China to invest $206 bln in rustbelt province Liaoning: media

A worker examines a pumpjack at a PetroChina oil field in Panjin, Liaoning province, in this June 30, 2014 file photo. China's central state-owned enterprises (SOEs) are expected to invest one trillion yuan (S$205.9 billion) in the rustbelt nort
A worker examines a pumpjack at a PetroChina oil field in Panjin, Liaoning province, in this June 30, 2014 file photo. China's central state-owned enterprises (SOEs) are expected to invest one trillion yuan (S$205.9 billion) in the rustbelt northeastern province over the next three years as part of a Cabinet programme to revitalise the region, state media said on Sunday.

BEIJING (REUTERS) - China's central state-owned enterprises (SOEs) are expected to invest one trillion yuan (S$205.9 billion) in a rustbelt northeastern province over the next three years as part of a Cabinet programme to revitalise the region, state media said on Sunday.

SOEs have signed agreements or started initial work on 91 projects in Liaoning province with another 82 projects in discussion, the official Xinhua news agency said.

They have reached intent to cooperate on 183 projects, with investment in the province totalling one trillion yuan over the next three years, Xinhua said.

One of the central SOEs, China Huaneng Group, plans to pour over 6 billion yuan into a thermoelectricity project in Dalian city, the agency said.

China National Cereals, Oils and Foodstuffs Corp (COFCO) is expected to invest 13 billion yuan to build a grain distribution centre in Dalian and a sugar project in Yingkou with annual output of 1 million tonnes, it said.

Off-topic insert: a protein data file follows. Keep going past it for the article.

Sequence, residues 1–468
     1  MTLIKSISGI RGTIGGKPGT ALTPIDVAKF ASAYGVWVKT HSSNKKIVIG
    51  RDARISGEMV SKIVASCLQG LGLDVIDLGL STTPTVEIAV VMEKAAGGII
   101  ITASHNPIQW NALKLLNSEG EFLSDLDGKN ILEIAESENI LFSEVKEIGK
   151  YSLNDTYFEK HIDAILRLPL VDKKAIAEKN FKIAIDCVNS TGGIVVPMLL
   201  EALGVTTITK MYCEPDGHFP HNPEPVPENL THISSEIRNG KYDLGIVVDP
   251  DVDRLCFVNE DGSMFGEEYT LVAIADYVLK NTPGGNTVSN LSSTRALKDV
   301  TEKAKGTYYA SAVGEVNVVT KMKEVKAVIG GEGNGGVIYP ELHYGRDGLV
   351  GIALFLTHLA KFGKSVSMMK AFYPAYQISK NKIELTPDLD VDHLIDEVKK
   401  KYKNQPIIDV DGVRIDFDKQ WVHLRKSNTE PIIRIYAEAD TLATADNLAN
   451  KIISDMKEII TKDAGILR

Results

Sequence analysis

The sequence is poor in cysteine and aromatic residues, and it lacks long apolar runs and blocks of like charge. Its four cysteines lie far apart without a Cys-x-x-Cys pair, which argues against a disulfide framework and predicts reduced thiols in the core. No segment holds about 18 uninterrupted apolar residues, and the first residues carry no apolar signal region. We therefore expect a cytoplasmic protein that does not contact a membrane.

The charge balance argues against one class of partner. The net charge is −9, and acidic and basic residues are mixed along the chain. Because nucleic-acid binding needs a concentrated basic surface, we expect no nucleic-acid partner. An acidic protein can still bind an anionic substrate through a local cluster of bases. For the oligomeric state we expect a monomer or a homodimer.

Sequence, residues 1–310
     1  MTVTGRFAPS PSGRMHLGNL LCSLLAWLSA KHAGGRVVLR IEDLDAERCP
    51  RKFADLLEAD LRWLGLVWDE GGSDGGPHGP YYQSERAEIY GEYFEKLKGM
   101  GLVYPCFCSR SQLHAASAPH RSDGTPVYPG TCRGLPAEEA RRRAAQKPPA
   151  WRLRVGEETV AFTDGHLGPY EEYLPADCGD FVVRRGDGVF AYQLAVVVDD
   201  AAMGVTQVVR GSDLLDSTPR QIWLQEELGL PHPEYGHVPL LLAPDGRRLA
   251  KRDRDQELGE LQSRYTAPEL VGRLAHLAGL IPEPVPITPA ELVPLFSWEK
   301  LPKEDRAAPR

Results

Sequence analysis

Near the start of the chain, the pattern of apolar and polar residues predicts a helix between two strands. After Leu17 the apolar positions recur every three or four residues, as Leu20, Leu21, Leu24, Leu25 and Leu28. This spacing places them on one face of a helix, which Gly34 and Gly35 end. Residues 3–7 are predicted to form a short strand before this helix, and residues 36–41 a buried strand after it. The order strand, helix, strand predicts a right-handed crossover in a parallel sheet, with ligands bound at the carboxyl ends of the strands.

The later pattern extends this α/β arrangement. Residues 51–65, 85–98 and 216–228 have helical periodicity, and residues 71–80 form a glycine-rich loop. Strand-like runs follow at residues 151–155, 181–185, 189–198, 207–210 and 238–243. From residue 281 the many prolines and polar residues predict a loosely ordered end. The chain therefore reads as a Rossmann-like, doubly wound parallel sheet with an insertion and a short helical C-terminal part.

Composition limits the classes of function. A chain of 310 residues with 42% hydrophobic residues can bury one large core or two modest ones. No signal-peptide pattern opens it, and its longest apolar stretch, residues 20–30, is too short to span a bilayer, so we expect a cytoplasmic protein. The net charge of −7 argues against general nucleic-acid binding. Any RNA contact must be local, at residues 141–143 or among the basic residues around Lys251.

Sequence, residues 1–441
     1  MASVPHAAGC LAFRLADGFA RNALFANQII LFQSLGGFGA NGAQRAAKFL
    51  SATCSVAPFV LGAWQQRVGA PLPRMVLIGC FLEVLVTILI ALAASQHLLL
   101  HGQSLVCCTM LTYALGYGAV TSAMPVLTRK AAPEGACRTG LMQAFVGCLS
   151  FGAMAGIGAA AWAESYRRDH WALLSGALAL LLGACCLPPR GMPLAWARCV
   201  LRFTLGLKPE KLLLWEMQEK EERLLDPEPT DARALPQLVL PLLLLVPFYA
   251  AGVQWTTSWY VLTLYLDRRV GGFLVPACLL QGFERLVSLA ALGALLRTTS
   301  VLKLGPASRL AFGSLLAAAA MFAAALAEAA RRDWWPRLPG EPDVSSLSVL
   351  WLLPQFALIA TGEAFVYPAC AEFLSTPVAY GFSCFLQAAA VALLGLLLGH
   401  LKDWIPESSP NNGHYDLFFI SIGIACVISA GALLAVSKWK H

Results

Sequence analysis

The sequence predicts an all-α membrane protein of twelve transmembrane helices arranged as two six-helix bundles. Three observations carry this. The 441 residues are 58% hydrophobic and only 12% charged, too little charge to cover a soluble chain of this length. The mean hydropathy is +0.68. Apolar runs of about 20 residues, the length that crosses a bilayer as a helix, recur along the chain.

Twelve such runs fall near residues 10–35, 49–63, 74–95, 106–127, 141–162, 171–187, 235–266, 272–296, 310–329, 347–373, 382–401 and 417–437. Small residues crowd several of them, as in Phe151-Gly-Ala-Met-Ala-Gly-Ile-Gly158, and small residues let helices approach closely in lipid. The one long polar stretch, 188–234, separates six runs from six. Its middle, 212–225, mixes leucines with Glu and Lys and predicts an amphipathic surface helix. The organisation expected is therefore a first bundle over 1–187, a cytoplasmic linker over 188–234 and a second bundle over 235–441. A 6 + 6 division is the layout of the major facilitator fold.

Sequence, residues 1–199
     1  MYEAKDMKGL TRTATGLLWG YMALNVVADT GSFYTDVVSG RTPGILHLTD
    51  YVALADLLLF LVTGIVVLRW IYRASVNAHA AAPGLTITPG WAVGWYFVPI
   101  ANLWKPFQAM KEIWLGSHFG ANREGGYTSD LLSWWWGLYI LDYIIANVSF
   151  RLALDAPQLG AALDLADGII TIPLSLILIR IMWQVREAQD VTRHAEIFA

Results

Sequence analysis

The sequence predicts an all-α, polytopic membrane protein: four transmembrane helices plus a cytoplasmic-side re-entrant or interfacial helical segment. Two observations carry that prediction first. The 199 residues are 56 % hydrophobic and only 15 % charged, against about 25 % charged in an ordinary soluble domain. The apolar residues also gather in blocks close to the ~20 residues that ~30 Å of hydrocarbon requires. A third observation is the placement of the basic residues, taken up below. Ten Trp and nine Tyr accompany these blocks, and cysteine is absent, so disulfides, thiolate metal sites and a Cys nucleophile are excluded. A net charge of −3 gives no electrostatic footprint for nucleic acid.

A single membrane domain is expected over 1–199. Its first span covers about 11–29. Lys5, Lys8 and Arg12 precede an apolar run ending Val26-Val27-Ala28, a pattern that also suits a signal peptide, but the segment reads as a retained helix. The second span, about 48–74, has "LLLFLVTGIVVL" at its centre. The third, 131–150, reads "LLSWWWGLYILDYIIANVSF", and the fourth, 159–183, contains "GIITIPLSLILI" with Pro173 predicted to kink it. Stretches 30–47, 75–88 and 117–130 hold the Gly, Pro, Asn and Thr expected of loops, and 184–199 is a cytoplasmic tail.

In August the Cabinet announced fresh policy measures to support the lagging northeastern region, including quickening infrastructure investment and opening up state firms to private investment.

Premier Li Keqiang has already pledged to provide more support for the northeast region, which is made up of the provinces of Liaoning, Jilin and Heilongjiang.

The government will speed up the construction of railways, highways, airports, power grids and water conservation, as well as spend more on shanty town renovation.

Privately owned banks will be allowed to set up in the region.

Known as China's rustbelt, the northeast was plagued by widespread layoffs in the 1990s, when the government forced state factories to shut en masse to cull inefficient industry.

The region enjoyed an economic boom in the past decade due to Beijing's supportive policy and increased demand for raw materials and machinery products, but the revival wobbled this year as China's growth grinds towards a 24-year low.

China's factory output grew at the weakest pace in nearly six years in August while growth in other key sectors also cooled, raising fears the world's second-largest economy may be at risk of a sharp slowdown unless Beijing takes fresh stimulus measures.

The government will encourage the region to embrace technological innovations, supporting new industries, such as robots, gas turbines and high-end marine engineering equipment.

The region will step up trade and energy cooperation with Russia, Mongolia, Japan, South Korea and North Korea.

Of China's 31 provinces and regions, the three northeastern provinces were among the six with the weakest economic growth.

Liaoning's economy grew 7.2 per cent in the first six months, below the national average of 7.4 per cent. Jilin's economy expanded 6.8 per cent, and a Heilongjiang official said the province was the worst performer in all of China, with growth likely to be under 5 per cent.